On 30 December 2015 India’s Cabinet Committee on Economic Affairs (CCEA) sanctioned US$750m of funding for a 30% capital subsidy for up to 4.2 gigawatts (GW) of new rooftop solar installations.[vi] This program will help kick-start the capacity building for this new distributed energy sector the government aims to reach 40GW by 2021/22.[vii] The government estimates solar power from the solar rooftop systems costs Rs.6.50/kWh, a rate already cheaper than the diesel gen-sets based electricity.
Underpinning these changes is the Government of India’s ‘Ujwal DISCOM Assurance Yojana’ (UDAY) program launched in November 2015 with the aim to permanently resolve the issues in India’s bankrupt distribution sector that has seen the States accumulate total unfunded losses of US$55bn booked in the last six years alone.[viii]
Key aspects of this program include quarterly tariff increases, reduced grid loss rates to 15% and the US$75bn debt restructuring. This will build transparency and force States to acknowledge previously off-balance sheet debt, in the process lowering the interest funding cost by US$2-3bn annually. To-date, 11 of the 29 Indian State governments have signed up to UDAY.[ix]
Another aspect of the Indian transformation underway is the current government’s progress to try to resolve electricity shortages. The Ministry of Coal reported that at the end of 2015 inventories at coal-fired power plants averaged 21 days, triple the 7 days evident at the end of 2014.[x]
“The Indian electricity sector is radically realigning to match the vision that has been clearly and consistently articulated by Energy Minister Piyush Goyal,” Jai Sharda said. “In particular, the latest data should be a wake up call to those who are still grasping onto the belief that seaborne thermal coal has a market in India.”
Tim Buckley is the Director of Energy Finance Studies, Australasia for IEEFA. He has 25 years of financial markets experience, including 17 years with Citigroup culminating in his role as Managing Director, Head of Australasian Equity Research.
Tim Buckley (Australia) P: 0408 102 127 firstname.lastname@example.org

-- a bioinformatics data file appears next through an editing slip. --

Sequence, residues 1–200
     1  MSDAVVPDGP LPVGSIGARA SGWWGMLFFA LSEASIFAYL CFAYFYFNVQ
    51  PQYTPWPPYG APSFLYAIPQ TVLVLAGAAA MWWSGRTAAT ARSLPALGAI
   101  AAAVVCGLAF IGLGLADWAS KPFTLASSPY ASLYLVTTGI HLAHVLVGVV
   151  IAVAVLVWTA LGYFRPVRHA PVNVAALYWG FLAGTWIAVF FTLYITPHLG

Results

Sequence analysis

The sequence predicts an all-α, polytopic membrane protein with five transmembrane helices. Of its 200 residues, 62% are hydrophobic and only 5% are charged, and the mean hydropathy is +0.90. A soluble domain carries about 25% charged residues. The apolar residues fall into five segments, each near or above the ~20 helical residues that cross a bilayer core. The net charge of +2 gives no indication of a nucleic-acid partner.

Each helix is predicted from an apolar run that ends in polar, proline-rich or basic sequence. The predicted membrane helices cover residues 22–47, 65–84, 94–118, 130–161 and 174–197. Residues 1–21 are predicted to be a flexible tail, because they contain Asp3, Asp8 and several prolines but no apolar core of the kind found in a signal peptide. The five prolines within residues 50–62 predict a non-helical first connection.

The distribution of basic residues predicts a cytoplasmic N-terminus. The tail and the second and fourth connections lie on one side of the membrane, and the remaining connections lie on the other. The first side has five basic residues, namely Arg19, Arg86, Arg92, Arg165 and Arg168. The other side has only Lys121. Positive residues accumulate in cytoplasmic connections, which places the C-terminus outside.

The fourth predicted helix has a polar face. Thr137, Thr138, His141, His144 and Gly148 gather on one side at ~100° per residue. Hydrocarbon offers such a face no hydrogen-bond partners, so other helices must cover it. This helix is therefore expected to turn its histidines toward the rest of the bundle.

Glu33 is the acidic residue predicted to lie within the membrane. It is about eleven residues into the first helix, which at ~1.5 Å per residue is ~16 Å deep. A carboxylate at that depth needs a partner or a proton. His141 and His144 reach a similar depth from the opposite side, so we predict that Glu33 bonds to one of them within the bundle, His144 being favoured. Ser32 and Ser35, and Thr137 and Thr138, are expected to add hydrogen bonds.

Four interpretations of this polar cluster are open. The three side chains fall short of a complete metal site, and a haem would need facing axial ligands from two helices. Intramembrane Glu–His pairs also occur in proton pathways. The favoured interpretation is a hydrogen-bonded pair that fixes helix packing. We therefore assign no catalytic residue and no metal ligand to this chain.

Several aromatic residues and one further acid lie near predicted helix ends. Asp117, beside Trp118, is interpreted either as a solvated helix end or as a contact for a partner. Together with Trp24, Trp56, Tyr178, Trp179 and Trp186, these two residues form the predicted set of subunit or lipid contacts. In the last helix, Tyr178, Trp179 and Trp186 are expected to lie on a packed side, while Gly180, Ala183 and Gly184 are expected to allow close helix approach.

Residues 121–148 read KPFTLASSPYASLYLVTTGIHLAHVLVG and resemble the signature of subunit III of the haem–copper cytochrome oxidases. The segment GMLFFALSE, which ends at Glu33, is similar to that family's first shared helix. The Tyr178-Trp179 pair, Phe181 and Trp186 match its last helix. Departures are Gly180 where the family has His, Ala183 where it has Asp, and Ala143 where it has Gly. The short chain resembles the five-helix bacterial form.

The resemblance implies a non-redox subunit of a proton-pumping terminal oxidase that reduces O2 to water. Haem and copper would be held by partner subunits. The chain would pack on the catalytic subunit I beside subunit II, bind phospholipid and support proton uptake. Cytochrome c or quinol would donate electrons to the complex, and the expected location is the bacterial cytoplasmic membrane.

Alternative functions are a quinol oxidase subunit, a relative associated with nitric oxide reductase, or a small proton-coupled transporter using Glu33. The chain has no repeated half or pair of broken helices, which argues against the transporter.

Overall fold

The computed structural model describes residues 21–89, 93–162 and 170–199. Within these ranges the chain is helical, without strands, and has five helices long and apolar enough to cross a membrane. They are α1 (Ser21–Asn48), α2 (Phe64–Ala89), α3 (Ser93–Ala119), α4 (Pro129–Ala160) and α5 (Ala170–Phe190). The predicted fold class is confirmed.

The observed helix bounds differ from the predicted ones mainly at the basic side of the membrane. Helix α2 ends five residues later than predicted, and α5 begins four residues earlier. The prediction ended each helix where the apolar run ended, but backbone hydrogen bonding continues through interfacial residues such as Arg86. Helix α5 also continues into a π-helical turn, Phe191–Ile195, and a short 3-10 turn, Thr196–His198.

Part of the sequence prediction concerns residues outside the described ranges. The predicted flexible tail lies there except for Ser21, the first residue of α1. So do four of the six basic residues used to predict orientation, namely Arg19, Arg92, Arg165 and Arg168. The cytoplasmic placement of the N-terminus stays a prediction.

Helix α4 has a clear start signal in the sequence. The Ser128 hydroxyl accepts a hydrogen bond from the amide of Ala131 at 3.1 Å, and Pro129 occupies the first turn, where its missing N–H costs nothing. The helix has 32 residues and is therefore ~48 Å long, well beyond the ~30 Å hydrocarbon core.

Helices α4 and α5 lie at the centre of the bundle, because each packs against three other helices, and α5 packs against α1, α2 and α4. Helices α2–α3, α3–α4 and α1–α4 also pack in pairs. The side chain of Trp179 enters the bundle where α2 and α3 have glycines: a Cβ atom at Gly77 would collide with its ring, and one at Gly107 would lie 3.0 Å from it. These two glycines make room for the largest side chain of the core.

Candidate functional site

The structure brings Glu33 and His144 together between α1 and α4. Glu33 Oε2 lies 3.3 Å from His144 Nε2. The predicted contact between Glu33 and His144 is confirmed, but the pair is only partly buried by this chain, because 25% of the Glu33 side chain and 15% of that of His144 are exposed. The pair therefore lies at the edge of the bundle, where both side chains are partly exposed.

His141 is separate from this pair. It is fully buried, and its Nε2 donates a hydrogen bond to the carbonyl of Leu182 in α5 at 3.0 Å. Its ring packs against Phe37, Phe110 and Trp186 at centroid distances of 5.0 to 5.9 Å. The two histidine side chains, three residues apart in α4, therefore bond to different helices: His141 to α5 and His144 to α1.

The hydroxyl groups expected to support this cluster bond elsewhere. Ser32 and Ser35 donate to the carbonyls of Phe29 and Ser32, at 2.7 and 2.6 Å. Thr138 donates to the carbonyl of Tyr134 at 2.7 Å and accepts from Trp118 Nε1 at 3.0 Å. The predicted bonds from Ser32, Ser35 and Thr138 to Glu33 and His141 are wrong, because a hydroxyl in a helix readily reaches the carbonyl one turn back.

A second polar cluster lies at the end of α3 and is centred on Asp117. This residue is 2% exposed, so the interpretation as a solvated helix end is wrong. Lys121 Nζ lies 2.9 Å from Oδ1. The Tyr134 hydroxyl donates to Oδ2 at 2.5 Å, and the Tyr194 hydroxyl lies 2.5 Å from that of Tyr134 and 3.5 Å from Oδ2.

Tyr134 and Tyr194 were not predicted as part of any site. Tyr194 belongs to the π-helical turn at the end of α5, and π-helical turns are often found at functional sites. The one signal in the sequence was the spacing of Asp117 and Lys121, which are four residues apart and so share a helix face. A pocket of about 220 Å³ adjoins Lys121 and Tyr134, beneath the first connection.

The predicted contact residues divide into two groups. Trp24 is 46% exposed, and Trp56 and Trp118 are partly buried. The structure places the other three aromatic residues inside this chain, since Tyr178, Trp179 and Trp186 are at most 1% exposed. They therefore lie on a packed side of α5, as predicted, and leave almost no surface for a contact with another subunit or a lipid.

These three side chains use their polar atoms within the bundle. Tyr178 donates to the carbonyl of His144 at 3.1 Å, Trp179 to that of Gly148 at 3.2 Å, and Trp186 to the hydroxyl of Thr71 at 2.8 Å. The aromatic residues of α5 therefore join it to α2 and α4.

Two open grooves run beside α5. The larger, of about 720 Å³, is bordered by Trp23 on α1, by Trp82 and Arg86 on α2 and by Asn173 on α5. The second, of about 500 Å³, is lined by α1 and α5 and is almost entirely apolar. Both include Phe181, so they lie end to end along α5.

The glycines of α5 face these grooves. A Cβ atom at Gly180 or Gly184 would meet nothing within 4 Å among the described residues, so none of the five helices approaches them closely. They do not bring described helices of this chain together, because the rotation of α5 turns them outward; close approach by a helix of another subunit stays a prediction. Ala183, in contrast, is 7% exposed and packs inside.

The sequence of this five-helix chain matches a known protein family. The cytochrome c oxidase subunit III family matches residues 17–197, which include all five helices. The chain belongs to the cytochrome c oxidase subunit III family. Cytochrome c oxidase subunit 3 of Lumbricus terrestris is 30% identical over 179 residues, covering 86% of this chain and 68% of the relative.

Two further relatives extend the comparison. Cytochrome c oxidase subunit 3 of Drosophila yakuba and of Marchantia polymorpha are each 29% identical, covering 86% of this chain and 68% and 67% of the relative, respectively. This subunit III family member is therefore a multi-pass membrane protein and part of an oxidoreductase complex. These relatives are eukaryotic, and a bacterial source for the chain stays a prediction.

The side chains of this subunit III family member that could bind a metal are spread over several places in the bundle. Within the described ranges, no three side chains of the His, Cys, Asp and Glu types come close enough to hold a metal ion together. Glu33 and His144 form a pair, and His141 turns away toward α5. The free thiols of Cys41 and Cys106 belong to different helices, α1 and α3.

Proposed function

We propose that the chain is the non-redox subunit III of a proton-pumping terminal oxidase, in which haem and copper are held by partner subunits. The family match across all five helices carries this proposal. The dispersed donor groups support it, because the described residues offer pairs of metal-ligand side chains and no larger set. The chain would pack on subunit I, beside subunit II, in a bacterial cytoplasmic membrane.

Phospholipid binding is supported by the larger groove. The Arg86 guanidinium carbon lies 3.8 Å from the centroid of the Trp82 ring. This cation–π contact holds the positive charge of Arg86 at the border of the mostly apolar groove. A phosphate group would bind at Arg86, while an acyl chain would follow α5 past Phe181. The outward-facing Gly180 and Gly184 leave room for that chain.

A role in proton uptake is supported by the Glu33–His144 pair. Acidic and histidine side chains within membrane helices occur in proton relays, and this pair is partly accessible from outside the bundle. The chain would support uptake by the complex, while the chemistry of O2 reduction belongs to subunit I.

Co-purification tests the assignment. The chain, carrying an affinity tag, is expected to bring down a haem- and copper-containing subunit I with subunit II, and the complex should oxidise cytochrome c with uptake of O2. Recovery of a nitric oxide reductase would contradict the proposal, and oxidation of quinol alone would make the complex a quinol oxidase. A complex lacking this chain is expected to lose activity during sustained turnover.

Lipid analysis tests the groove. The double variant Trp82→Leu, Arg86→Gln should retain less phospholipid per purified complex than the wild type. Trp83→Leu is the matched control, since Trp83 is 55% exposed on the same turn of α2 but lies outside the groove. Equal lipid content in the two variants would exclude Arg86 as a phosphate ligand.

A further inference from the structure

Jai Sharda (India) P: +91 93 2184 2224 email@example.com
Media: James Lorenz P +61 400 376 021 firstname.lastname@example.org
IEEFA conducts research and analyses on financial and economic issues related to energy and the environment. The Institute’s mission is to accelerate the transition to a diverse, sustainable and profitable energy economy and to reduce dependence on coal and other non-renewable energy resources.
More here on IEEFA research: http://ieefa.org/category/subject/reports/
International Demand for Traded Thermal Coal to Decline 30%
As detailed in Figure 1, IEEFA forecasts a 30% decline in global traded thermal coal demand by 2021 relative to 2015 levels. Declining demand in each of the three largest import markets – China, Japan and now also India – overrides growth in the rest of Asia.
Indian coal imports fell 34% yoy to 12.4 million tonnes (Mt) in the month of December 2015, down from 18.8Mt in the previous corresponding period. This follows the 49% yoy decline in November 2015 and the 15% yoy decline over April-December 2015 to 132Mt (from 156Mt in the prior period).
Figure 1: Global Traded Thermal Coal Imports (Mt)
Thermal Coal Prices Fall to US$44/t by 2021
As detailed in Figure 2, Newcastle export grade thermal coal prices of US$51/t in January 2016 were down almost 30% over 2015 and down 60% from the 2010/11 peak. The Newcastle coal futures price shows a further decline to US$44/t by October 2021,[xi] showing the market is increasingly pricing in a permanent structural decline.